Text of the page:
On February 28, 2022, the Environmental Protection Agency’s (EPA) food tolerances for chlorpyrifos are set to expire. This means growers will not be allowed to apply chlorpyrifos to any food crop after this date. Chlorpyrifos is an organophosphate used to manage insects in a number of fruit and vegetable crops. It has been on the market since the 1960s under trade names such as Lorsban, Dursban, Eraser, Govern, Hatchet, Whirlwind, and numerous others.
Corteva ceased production of chlorpyrifos products in 2020, though it is still available from numerous other manufacturers. Since the EPA is revoking the food tolerances but not actually canceling chlorpyrifos, it will still be available for a limited number of uses, such as Christmas tree and sod production.
The Environmental Protection Agency (EPA) issued a ruling in August to revoke all tolerances for chlorpyrifos, the active ingredient in Lorsban, following a lengthy review and legal battle.
The summary of the ruling states, “On April 29, 2021, the United States Court of Appeals for the Ninth Circuit ordered EPA to issue a final rule concerning the chlorpyrifos tolerances by August 20, 2021. Based on the currently available data and taking into consideration the currently registered uses for chlorpyrifos, EPA is unable to conclude that the risk from aggregate exposure from the use of chlorpyrifos meets the safety standard of the Federal Food, Drug, and Cosmetic Act (FFDCA). Accordingly, EPA is revoking all tolerances for chlorpyrifos.”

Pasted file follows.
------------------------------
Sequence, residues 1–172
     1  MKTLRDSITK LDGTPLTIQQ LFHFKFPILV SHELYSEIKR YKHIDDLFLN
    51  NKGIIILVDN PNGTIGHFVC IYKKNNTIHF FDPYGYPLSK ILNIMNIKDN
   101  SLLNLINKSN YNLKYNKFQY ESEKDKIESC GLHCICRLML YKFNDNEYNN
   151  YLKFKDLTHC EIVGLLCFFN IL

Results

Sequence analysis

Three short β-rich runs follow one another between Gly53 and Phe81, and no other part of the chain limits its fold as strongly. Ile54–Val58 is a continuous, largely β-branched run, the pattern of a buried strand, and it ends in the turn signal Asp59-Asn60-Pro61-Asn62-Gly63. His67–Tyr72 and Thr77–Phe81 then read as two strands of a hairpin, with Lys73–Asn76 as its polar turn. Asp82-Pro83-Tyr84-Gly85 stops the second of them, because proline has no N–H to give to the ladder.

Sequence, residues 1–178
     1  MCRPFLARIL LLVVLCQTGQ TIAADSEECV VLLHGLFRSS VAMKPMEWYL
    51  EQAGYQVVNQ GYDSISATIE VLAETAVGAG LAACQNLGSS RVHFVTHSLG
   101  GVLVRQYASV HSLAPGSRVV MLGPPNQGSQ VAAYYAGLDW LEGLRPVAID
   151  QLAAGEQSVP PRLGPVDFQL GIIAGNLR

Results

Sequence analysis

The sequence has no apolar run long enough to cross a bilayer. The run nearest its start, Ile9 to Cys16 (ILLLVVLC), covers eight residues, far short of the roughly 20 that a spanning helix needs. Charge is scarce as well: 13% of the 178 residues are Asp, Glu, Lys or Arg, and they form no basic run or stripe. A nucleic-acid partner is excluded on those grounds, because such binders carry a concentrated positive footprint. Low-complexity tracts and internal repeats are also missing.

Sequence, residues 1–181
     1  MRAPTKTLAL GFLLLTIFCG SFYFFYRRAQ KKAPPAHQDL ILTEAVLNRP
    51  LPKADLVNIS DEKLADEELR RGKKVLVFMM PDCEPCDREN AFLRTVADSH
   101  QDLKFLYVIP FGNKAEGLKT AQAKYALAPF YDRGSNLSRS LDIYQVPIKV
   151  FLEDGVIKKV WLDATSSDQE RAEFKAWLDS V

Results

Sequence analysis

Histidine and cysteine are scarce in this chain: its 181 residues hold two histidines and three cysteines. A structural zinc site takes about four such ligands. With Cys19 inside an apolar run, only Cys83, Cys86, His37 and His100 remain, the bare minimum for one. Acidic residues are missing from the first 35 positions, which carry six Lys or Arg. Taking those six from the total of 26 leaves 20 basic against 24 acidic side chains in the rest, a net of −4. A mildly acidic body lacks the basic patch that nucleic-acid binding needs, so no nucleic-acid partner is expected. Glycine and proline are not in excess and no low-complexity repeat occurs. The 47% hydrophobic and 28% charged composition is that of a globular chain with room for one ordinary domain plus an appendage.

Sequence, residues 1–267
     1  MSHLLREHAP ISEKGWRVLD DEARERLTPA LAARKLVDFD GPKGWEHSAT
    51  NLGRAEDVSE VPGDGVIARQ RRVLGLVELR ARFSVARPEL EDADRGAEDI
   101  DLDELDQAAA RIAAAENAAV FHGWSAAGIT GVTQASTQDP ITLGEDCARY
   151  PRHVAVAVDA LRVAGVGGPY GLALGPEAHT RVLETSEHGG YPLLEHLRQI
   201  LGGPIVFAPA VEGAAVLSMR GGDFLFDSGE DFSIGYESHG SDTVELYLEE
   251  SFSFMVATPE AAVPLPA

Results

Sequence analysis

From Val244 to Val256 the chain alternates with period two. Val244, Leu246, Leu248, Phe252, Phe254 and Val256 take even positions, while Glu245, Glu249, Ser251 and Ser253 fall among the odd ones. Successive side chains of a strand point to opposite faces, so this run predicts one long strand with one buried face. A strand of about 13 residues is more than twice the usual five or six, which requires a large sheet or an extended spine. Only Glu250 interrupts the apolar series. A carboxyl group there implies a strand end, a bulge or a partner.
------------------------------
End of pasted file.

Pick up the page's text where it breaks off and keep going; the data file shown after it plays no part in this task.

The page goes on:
Chloripyrifos has been used to manage insect pests in fruit and vegetable crops since the 1960s. This ruling is bringing its use to an end. According to the ruling, “This final rule is effective October 29, 2021. The tolerances for all commodities expire on February 28, 2022.”
We are still learning how this will affect the fruit and vegetable industry, but as of right now it appears growers will be able to use existing stock through the 2021 season.